Getting ahead in today’s life can be a challenging thing to do, and is almost totally reliant on you being able to sell yourself in the most convincing ways possible. For some, this can be a bit of an uphill battle and it can prove to be a struggle making sure you don’t fall into some of the ‘comfort traps’ that can confuse, distract or put off a potential audience.
Below are some of the very best tips, tactics and strategies in ensuring you keep yourself in the best position to convince your peers and get ahead in any situation you wish to put yourself in.
A trait that can be one of the most damaging to how a person is being perceived, a bad form of posture can range from anything like having your shoulders slouched, to swaying your back out. With different postures radiating different messages to an audience, it's important that you don't fall into what the trap of going with what feels the most comfortable for you in the moment. A good posture will demonstrate a healthy level of confidence and taking the situation seriously, and will separate you out immediately from those that don't necessarily assume posture's importance in an encounter.
A universal sign of being at ease and enjoying the situation, a smile has proven to be one of the best ways of establishing trust, understanding and creating a positive rapport with a conversation partner. Obviously make sure not to do over-do it - overusing your smile will make you look fake and will put the audience off your character. Smiling at a point or a comment will often draw attention to what's been said and will leave a resonating memory with those you've shared it with, making it a very useful tool in trying to convince someone of something.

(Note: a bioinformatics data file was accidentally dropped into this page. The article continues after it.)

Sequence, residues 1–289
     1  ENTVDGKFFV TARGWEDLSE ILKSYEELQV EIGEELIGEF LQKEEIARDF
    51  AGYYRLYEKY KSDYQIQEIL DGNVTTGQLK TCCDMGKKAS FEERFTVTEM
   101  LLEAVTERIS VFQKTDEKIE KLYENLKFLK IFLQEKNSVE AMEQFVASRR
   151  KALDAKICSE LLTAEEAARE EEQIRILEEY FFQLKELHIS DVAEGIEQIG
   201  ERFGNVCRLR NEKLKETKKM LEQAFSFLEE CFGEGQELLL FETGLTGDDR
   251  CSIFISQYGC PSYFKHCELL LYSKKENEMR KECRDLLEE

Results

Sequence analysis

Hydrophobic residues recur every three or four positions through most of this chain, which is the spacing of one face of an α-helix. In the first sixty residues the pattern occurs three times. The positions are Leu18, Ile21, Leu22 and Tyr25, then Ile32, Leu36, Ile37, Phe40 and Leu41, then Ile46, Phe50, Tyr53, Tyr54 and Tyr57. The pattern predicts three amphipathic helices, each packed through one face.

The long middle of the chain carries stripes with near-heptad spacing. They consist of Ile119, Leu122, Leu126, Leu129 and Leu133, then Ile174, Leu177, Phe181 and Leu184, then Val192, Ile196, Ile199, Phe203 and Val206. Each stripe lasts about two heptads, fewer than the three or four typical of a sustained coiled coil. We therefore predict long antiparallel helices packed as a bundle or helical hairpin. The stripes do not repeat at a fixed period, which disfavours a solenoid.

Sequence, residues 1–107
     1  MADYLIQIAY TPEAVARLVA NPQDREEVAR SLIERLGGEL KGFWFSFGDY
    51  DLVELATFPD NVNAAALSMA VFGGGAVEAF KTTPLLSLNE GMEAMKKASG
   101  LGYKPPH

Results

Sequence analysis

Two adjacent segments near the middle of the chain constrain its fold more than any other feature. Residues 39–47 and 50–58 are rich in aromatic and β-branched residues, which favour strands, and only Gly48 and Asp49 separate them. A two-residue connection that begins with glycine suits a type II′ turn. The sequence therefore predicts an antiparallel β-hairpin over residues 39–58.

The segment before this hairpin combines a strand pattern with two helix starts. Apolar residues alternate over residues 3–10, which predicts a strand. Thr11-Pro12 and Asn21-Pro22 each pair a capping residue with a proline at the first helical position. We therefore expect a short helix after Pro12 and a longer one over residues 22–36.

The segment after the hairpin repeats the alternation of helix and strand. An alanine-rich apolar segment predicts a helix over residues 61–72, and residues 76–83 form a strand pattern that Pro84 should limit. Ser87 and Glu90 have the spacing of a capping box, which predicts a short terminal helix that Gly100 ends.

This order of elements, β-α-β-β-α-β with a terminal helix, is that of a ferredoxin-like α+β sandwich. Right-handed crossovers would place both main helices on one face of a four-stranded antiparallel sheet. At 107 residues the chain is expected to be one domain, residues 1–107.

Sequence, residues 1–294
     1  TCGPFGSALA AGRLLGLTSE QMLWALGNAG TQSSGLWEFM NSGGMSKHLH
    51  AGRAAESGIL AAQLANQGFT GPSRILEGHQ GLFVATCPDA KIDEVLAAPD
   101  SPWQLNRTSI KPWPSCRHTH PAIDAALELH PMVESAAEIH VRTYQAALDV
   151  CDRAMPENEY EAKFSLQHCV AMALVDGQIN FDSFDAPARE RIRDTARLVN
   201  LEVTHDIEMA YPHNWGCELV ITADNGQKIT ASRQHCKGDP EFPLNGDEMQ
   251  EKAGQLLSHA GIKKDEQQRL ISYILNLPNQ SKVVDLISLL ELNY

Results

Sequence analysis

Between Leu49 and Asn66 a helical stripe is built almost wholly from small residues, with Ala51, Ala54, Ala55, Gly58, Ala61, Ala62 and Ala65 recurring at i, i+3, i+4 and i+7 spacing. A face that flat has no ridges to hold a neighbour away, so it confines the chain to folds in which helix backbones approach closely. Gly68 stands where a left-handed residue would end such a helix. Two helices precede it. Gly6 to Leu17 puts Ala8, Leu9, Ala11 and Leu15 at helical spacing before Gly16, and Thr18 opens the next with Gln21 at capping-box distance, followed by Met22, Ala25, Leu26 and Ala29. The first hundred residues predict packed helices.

It might be assumed that going into a situation and pulling out long-winded and complicated language would be a good way of demonstrating your knowledge and making it seem like you know what you're talking about. In reality, it's more of the opposite. Advanced language is far more likely to muddle up your points, confuse and lose your audience and runs the risk of making you trip yourself up. Keep things simple in how you explain them because it'll guarantee that there won't be any blurred lines in how it comes across.
The bulk of convincing someone of something comes from the reality that you believe it is a good idea, and you have the points to prove it. By slowing down and upping the volume when you speak about a certain convincing point, you will ensure that it's one of the key moments your audience will remember when they leave the conversation. A brilliant tactic if you know where your best points are in your arguments, by using emphasis at the right times you'll have the ability to guide and focus your audience along your path and stand much more chance of leaving them convinced.
Another universal sign, eye contact is a staple way of showing respect for both your conversation partner and the situation as a whole. Doubling up as a good way of showing being at ease and establishing a rapport with someone, without a decent amount of eye contact most will find it hard to come across as even the slightest bit convincing. On the flip side, it is important to ensure you don't accidentally turn the conversation into a staring competition. Break the eye contact every so often so that it ensures the conversation remains relaxed and both partners are at ease with eachother.
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